Amount of Texas in extreme drought conditions is the highest in a decade
Despite some parts of Texas receiving rainfall earlier this month, it hasn’t been enough to ease concerns about a prolonged, nearly statewide drought.
More than half of Texas was in an elevated drought phase as of April 19 and conditions haven’t improved since. That’s despite recent precipitation, according to the Texas Water Development Board’s weekly update.
“Unfortunately, in areas already impacted by drought, drought intensified. The area of the state impacted by extreme or worse drought climbed to 54 percent, its largest value since February 2012,” the agency said.
State climatologist John Nielsen-Gammon said the current pattern began in September. Rainfall totals across Texas during that time were at least 50% below average.
“Almost none of the state [had] above normal rainfall over that period. In most of the state, we see less than three quarters of the normal amount. About a third of the state, or maybe 40% received, less than half,” said Nielsen-Gammon during an online presentation Wednesday. Additionally, he said large portions of West Texas “received less than a quarter of their normal amount of precipitation. When we're talking about eight months — two thirds of the year — that's a really serious drought.”[RL1]
It's not just lack of rain that’s exacerbating dry conditions, Nielsen-Gammon added.
“It's been relatively windy over the past month across Texas, which has enhanced evaporation when there's been water to evaporate,” he said. “Temperatures are also a potential concern, particularly in the area where we're seeing long-term warming temperatures.”
During the six-month period starting in November 2021, most of the state has been one to two degrees above normal. The current weather pattern is partly a result of La Niña conditions. La Niña is a weather pattern in the Pacific that impacts how wet or dry some parts of the world are. The National Oceanic and Atmospheric Administration, or NOAA, said La Niña causes cooler weather in the Eastern Pacific, which means fewer rain clouds and less rainfall for the southwestern United States.
“About two winters out of three, Texas is below normal precipitation during La Niña,” Nielsen-Gammon said.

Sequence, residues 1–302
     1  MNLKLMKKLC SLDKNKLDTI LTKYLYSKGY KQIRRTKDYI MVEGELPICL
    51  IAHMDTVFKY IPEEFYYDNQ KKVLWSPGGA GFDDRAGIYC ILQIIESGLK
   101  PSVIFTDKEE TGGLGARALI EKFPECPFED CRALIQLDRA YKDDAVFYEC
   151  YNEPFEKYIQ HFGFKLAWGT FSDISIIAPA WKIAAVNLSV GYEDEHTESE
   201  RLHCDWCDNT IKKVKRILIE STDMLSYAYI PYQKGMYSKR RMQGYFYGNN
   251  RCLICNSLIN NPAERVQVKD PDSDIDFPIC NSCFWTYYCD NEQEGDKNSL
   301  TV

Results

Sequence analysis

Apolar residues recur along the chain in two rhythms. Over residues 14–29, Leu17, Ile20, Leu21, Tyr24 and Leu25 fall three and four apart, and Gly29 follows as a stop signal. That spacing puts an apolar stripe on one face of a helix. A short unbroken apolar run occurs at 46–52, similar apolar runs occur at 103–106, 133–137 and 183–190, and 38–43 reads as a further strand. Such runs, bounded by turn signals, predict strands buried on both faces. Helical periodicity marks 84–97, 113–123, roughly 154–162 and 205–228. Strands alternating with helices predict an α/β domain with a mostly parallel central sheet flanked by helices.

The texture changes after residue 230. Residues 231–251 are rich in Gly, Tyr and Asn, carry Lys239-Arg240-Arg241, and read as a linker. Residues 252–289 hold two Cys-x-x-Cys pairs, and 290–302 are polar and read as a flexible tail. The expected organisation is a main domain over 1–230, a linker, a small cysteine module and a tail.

Climatologists are now looking to the next few months to see what, if any, relief Texas can expect.
“These next three months — the rest of April, May and June — appear to be huge as far as us getting out of this drought,” said Victor Murphy, National Weather Service Southern Region Climate program manager. “This is when it should rain. And if you get rainfall during your wettest time of year, you’re usually in pretty good shape. So there's a lot riding, quite honestly, these next two or three months.”
But Murphy added some parts of the state typically see their wettest months a bit later in the year. Those include El Paso and other areas of West Texas, where about half all rainfall occurs in the summer. The Brownsville and Corpus Christi areas usually experience their peak rainfall from August through October.
A prolonged dry period also means Texas’ agricultural sector should brace itself for the possibility of a sustained impact.
“More than 80% percent of the winter wheat crop in the state is rated poor to very poor at this point with the normal harvest season coming in up in a few months,” said Murphy. “It’s going to be very hard to get much recovery out of that. Even irrigated crops cost money to irrigate so the drier it is the more money you end up spending and eventually it becomes a money-losing proposition.”
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